The person who is best about this (that I’ve read) is Graham Priest, who still, like most people in the space, refuses to draw pictures. (I feel like this is some weird inversion of pre-Cartesian prejudice against algebra and in favor of pictures.)
Shout out to my Neal Stephenson peeps. Logicians really hate the idea of inhomogenous graphs with a base reality.
Yes—or, rather, does graph theory contain philosophically interesting consequences when seen as a model for modal logic.
And (just because I’m me) does random graph theory have anything interesting to say, philosophically, in this fashion?
This is really fun and cool! I have a secret fear that they are using that weird event space definition of probability that economists like, but I can probably deal.

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More from @SimonDeDeo

16 Oct
Feynman wisdom is that you don’t truly understand something until you can explain it to a newcomer.

This gets confused with two seemingly similar claims, however, both of which are (IMO) wrong.
In particular, it doesn’t mean that if you can explain X to a newcomer, that X is true! (Even if the explanation is convincing.)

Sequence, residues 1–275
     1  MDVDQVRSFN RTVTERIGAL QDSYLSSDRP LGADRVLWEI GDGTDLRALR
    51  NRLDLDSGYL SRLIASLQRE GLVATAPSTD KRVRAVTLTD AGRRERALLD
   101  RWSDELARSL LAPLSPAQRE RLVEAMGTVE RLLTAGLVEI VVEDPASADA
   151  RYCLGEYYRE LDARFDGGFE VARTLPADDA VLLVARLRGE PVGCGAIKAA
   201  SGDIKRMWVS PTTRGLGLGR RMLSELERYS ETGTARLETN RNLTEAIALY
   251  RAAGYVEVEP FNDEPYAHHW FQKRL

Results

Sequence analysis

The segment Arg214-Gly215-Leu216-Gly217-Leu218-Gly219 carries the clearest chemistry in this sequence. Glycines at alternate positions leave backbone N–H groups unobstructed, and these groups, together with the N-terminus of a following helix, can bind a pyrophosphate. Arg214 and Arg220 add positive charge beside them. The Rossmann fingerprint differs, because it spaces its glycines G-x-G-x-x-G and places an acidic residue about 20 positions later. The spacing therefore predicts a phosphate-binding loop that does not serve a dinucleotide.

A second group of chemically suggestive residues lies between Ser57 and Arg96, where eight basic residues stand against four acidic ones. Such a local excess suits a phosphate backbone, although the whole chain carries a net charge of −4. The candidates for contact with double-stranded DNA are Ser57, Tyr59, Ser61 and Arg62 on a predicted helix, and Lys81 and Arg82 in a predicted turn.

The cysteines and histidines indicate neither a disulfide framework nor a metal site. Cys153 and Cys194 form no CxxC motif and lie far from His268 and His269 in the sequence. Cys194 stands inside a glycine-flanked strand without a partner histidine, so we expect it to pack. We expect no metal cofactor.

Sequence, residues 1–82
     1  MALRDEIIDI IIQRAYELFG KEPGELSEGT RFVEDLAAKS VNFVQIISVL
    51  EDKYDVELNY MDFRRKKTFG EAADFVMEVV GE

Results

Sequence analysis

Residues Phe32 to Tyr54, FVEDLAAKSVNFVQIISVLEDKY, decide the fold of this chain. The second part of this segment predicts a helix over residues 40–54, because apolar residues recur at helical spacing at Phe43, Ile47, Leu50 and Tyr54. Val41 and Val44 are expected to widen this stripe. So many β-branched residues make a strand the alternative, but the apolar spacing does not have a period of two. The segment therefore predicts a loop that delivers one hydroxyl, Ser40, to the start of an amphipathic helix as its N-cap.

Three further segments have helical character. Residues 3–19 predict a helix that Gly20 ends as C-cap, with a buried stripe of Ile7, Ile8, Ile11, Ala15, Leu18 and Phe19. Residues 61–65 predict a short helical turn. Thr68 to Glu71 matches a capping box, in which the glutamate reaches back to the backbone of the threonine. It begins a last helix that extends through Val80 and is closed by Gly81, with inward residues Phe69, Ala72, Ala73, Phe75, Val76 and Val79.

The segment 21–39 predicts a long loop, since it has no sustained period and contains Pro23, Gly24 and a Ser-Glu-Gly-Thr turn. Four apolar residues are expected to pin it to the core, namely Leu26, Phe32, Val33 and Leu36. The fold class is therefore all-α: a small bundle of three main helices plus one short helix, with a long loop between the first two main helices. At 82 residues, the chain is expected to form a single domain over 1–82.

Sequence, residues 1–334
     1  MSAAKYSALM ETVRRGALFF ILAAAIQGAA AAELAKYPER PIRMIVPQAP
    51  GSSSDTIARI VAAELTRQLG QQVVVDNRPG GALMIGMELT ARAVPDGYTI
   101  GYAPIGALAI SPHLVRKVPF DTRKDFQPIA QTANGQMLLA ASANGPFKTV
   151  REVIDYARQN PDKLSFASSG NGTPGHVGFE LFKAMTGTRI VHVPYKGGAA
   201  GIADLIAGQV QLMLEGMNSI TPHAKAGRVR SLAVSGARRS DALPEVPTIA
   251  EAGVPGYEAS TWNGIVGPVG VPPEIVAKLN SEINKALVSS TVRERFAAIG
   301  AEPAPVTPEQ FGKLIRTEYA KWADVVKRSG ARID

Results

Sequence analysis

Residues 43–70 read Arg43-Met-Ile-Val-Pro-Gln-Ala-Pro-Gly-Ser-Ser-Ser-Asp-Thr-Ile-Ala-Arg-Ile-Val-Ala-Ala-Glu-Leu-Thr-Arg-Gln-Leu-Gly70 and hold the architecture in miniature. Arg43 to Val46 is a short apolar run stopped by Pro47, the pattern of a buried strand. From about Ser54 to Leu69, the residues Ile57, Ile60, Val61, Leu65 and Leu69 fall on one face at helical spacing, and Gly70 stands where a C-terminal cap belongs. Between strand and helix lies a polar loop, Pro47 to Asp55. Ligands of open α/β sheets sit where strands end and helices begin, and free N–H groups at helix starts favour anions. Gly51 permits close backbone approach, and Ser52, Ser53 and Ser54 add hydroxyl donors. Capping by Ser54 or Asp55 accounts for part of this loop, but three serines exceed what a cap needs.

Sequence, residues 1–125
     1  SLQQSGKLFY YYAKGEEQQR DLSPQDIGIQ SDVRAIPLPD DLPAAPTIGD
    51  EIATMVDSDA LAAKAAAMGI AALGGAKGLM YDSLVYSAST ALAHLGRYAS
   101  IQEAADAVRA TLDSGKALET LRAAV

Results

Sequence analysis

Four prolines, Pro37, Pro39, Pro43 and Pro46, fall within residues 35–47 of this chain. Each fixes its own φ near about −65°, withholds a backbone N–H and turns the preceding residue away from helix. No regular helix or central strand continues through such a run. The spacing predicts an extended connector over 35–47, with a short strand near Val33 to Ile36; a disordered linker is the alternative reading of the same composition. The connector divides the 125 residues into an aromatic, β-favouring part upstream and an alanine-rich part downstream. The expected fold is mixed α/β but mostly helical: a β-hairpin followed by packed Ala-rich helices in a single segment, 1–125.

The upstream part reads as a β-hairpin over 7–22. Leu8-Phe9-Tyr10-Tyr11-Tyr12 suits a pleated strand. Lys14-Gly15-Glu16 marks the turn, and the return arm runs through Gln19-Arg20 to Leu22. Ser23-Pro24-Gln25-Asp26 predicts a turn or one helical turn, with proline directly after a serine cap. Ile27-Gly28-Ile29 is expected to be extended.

Nor does it mean that someone who explains something to you understands it.
Knowing, understanding, and explaining are all linked—but in complex ways (the subject of our currently-pinned cog sci paper).
Read 25 tweets
16 Oct
Excellent news—The Economist has released, as open source, a fully Bayesian election model as an alternative to Nate Silver’s (IMO increasingly pundit-oriented) forecasts.

Bayesian models are not Black Swan-proof but *are* the best possible way to summarize the “known unknowns”.
God bless The Economist.
Backtesting says the model has Clinton in 2016 at only ~70% win probability—the best accuracy I’ve seen. If this didn’t have @StatModeling’s name on it, I’d just assume that was fake and post hoc hacked.
Read 7 tweets
15 Oct
Important: Twitter could have shadowbanned the NY Post story: demphasized it, shown it in fewer timelines, placed it near other, more distracting content. These techniques are basic to monetizing content.

Instead, they went public with a hard ban and created a Streisand Effect…